Originally Posted by chogall
Way too complex of a discussion for Styleforum,
But there is an underlying perspective here that applies across the board. A perspective that is near and dear to my heart, at least.
Without getting into real detail...despite having good quality grinders and sanding wheels at my disposal, I do prefer to sharpen knives with a sequence of Washita and Arkansas oil stones. I know that there are other types of stones--some oil and some water--and that many even prefer belt sanders for sharpening knives. But for me I prefer to slow down. I like feeling the steel on the stone. I like hearing the difference in sound as the angle of the blade is adjusted.
And I can sharpen a knife so that it is "scary sharp"--no brag, fact. I have to be able to for the work I do.
Part and parcel of the way most professional craftsmen...as opposed to dabblers and backbench-garage hobbyists...approach their work is to immerse themselves in the processes. When you do, it often occurs, even without you being fully aware of it, that you lose the almost obsessive focus on self that possesses most of us in today's world. Lose your self-absorption. In fact, that's one of the attractions of being a professional. And in the process, with self out of the way, suddenly you find yourself open to other inputs--the sound of the metal, the feel of the blade in the hand, the way subtle, heretofore unnoticed muscle tensions affect the work; and to other influences--perhaps that "creative consciousness" I spoke of.
Speed kills...quality. From our most intimate activities in daily life to our most critical public enterprises our society can never have enough speed, enough easy, enough expedience. I sometimes think that this is the easy way to "lose yourself"--the quick and easy and convenient way--go so fast that you can never slow down enough to notice where "you" are.
Who wants to pay for a truly hand welted, bespoke shoe? Who wants to spend the years learning to make such a shoe? Who wants to go to all that effort and work to actually understand what goes into a shoe? Just go out and buy a pair. And if...by virtue of popularity, or brand name or some superficial glitter striking the eye...a certain socially acceptable "glamour" (not in the magical sense) comes along with it, all the better.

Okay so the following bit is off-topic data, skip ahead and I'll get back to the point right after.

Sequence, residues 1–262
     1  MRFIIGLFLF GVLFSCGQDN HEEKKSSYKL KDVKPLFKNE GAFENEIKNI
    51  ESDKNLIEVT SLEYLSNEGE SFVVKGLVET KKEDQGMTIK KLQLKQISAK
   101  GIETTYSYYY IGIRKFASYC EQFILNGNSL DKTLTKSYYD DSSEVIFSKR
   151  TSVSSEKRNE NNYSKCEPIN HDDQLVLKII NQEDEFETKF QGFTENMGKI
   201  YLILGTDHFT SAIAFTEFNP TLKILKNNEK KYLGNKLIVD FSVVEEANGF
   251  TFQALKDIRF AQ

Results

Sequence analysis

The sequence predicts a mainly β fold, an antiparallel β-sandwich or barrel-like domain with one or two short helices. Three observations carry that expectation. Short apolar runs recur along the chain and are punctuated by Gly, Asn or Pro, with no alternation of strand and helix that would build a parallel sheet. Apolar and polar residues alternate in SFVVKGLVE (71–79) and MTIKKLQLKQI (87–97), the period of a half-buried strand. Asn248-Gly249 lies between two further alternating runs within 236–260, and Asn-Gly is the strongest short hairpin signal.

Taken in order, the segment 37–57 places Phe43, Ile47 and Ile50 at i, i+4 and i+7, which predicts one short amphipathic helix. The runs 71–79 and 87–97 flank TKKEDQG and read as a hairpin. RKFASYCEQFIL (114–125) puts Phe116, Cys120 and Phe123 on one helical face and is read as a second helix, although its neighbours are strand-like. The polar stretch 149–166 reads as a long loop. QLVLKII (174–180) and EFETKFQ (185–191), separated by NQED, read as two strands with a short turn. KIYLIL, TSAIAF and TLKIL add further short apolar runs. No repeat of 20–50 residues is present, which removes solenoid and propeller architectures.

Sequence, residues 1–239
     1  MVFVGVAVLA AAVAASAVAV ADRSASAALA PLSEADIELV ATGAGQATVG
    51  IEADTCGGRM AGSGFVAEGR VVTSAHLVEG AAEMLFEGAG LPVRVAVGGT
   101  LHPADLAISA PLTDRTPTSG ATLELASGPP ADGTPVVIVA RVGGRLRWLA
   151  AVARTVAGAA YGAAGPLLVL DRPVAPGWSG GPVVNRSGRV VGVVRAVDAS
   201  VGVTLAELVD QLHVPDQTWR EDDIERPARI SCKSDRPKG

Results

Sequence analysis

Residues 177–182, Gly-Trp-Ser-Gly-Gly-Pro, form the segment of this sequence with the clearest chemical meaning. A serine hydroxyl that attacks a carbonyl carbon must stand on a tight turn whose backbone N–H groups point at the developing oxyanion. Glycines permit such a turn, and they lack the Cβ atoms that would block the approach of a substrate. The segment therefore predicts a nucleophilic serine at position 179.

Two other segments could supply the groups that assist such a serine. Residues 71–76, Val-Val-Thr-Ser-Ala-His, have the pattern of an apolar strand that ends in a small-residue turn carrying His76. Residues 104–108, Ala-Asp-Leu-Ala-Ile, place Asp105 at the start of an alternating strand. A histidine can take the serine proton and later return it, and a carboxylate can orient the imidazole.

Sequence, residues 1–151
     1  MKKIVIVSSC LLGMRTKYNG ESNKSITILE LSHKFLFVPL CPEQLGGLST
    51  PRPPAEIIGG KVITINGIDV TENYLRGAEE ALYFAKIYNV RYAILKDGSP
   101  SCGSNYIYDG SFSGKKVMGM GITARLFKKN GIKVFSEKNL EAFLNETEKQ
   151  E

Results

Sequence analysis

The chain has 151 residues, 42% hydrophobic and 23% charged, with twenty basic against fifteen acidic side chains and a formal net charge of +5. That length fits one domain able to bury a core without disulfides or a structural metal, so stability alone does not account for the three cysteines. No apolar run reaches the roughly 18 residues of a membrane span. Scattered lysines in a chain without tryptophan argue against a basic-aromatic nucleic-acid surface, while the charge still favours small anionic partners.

Who would want to go to all that trouble to sharpen a knife...especially by hand...or even to learn how, when a utility knife is $2.98 and a pack of disposable blades $1.75? And, in some sense...at least to me...using a belt sander to sharpen a blade is not, philosophically, significantly different.
It's all about speed, you see, convenience and disposability. When the professional immerses himself in detail, in process, he puts aside self-absorption but he doesn't really loose himself. When we pursue speed and ignore that rich tapestry of experience that is in front of us, our experiences, our judgements, even perhaps our lives become just as disposable as the utility knife blades.
When a professional craftsman chooses to sharpen a knife with stones rather than resort to belt sanders or a disposable blade, it's because he knows that when you sharpen a blade you're really sharpening your own senses.Your sensibilities. Your ability to sense more and more subtlety. And that translates into every subsequent process that you engage in regardless how seemingly disconnected it may be.
Even writing a piece such as this, for good or ill, is influenced by the time and insights, patience and perspectives, understanding and judgment, that develops as the blade is honed. More than the blade is sharpened.
That's part and parcel of the attraction of making shoes by hand in the 21st century. Of choosing to make shoes rather than make money. For me, it's been worth more than all the income I might have given up over the years and, again for me at least, I doubt I will never get enough.
--Edited by DWFII - 11/2/13 at 10:02am